Last Updated on October 26, 2021 by melissanreynolds
What are trigger points? Are they part of fibromyalgia, or separate? This post delves into the topic.
Having been plagued by spots of extreme tightness on various parts of my body for years that numerous physical therapists have attempted to release and only ever achieved a small but fleeting degree of success, I am keenly interested in the study of trigger points.
It started with an article that I’ve long since lost. It showed me a few key trigger points to do for my shoulders and neck to release stiffness and pain. I use these every night when I wake in pain due to my neck.
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This fantastic article was posted on Fibro Daze recently and gives a good explanation of trigger points and has a video showing you how to deal with your neck to relieve dizziness.
Now I am reading The Trigger Point Therapy Workbook: Your Self-Treatment Guide for Pain Relief by Clair and Amber Davies.
I am loving it!
My Trigger Points
Because I have so many active trigger points, I had to start with the ones that were screaming the loudest. My neck. I have been working on my sternocleidomastoid and trapezius muscles. The book gives an overview of the muscle, the symptoms the trigger points in these muscles cause, where pain is referred to, causes and treatment. It includes great instructions on how to deal with them safely, as pressure on arteries can cause havoc.
The theory is that you deal to your trigger points three times a day until they are no longer sensitive to touch. I am unsure how helpful this will end up being. I have a lot for trigger points and my body overreacts to stimuli. For example, I get sore legs if I don’t exercise enough and if I overdo it!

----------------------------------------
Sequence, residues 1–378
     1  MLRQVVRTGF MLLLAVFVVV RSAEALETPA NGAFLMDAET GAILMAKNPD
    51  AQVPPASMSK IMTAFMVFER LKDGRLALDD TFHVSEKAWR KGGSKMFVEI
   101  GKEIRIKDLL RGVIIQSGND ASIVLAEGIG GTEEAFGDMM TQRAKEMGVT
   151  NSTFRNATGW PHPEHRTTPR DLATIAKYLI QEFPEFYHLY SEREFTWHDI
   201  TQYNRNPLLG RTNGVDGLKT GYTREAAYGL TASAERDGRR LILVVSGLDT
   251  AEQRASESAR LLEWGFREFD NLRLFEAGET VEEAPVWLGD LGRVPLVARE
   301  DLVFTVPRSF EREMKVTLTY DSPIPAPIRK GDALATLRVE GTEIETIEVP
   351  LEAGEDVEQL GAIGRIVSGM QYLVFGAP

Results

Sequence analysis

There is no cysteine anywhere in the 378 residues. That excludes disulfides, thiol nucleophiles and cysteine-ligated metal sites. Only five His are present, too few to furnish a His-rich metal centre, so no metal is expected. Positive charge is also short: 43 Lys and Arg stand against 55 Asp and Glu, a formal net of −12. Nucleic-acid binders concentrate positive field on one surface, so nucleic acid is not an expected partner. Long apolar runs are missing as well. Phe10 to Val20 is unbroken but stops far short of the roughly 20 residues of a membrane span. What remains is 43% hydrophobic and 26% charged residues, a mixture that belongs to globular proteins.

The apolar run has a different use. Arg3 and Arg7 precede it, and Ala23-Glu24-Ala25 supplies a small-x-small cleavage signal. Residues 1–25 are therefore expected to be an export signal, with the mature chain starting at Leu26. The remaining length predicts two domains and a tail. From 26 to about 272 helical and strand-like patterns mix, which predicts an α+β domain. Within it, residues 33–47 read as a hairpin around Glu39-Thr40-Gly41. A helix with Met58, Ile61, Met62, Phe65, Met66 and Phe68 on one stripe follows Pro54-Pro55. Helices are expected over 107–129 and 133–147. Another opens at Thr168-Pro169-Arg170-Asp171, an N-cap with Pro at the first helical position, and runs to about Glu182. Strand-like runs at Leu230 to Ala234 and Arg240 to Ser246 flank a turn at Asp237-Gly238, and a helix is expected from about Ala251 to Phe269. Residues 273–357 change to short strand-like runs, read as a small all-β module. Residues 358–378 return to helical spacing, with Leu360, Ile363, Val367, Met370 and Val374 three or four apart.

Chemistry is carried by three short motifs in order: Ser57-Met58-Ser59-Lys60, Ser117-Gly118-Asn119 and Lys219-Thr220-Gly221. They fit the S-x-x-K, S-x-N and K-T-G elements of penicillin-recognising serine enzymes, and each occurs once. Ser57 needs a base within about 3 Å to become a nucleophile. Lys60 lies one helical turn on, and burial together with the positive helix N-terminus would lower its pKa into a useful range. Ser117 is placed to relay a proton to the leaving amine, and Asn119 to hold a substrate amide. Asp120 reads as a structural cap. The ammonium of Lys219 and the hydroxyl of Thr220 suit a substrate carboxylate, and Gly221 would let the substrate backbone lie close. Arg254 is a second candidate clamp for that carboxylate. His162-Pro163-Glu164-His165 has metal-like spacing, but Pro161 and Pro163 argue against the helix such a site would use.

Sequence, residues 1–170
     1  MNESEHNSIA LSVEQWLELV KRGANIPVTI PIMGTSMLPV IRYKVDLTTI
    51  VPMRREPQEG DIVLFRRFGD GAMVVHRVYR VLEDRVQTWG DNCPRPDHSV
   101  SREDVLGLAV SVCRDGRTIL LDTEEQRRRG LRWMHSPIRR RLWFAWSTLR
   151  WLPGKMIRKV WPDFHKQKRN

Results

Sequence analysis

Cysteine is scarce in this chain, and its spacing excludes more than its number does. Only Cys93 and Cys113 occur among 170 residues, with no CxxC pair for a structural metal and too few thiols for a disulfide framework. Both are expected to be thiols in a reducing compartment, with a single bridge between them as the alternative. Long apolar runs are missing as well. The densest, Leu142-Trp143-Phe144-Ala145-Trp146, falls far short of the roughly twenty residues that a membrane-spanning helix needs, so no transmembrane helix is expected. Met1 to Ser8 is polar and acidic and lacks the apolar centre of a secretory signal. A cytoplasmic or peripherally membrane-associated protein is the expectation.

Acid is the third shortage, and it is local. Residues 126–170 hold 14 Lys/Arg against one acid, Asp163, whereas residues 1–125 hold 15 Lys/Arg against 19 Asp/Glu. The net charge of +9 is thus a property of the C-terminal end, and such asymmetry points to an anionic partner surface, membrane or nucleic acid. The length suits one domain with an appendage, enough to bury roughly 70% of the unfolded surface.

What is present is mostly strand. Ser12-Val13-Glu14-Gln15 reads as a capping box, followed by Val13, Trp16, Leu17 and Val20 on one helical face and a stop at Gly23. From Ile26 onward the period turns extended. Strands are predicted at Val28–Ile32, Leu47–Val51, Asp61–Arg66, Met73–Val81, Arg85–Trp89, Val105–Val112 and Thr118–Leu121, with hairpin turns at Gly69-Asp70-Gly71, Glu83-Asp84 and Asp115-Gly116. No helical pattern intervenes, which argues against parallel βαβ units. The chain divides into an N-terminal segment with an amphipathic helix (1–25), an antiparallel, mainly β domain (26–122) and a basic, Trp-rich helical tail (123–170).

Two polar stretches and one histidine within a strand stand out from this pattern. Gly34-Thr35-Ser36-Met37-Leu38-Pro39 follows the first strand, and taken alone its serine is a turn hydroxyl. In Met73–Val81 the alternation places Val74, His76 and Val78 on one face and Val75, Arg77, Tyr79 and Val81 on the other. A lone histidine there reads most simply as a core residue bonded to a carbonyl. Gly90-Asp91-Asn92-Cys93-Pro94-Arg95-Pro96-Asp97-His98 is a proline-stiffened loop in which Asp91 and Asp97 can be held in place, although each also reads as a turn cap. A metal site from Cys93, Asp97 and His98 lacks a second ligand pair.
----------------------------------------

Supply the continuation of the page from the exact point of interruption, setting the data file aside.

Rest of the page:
This is a big piece of work (one that will span years – I wrote this post in 2015 and updated it again at the end of 2021!). But I’m game! Giving myself the ability to treat my body is a big opportunity. It gives me power. It gives me control. It gives me the opportunity to help myself, not helplessly wait for my next treatment session with my muscles clenching tighter and tighter!
I have also made the decision to try trigger point injections for my neck if I can’t relieve the daily tightness. I can’t go back to work and look after my baby if I continue to have daily tightness and pain to the point of headaches, nausea and dizziness.
It’s very exciting. I’ll check in with it in a few weeks. Has anyone else tackled their own pressure points and found success?
Update March 2018
Trigger points have become such an important issue for me to face since realised I had myofascial pain syndrome. The trigger points in my neck being the biggest issue I have fought for a long time. I see a physiotherapist every three weeks still. I also self-treat at home with my theracane trigger point massager, which I adore. It is so helpful to be able to treat myself at home and not hurt my poor fingers with the level of pressure that I need.
Since I wrote this post, and the full introduction to Myofascial Pain Syndrome and Fibromyalgia, so much has changed for me.
Perpetuating factors – I have radically reduced the amount of time I am at the computer which is a big perpetuating factor for my neck.
Management mechanisms – on the whole scale I use LDN and Recovery Factors which improves my overall health, and Yoga Nidra helps me keep my nervous system in check. These big things reduce the impact of trigger points.
The physiotherapist usually helps me keep the sub occipital and trapezius trigger points in check with a gentle form of dry needling. Acupuncture needles are gently inserted into the trigger point and then allowed to rest, unhindered, while she uses the ultrasound machine on my lower back and glute points. During lockdown I have been unable to see her for a few months. It was difficult but I managed with my at-home treatments. Such as my peanut ball, Theracane massager, gentle stretches and heating pad. As I am nursing, the only medicinal options I have are paracetamol and ibuprofen – which I am using sparingly to try to avoid the worst of the headaches.
Overall, learning to manage trigger points have made a massive improvement to my pain levels and quality of life.
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5 thoughts on “Trigger Points and Fibromyalgia”
I am a big believer of trigger point therapy for pain. I researched and wrote about it here. http://www.mypelvichealth.ca/trigger-point-therapy-pelvic-pain/ Looking forward to how you make out with it. The trigger point therapy book by Clair Davies is a good one.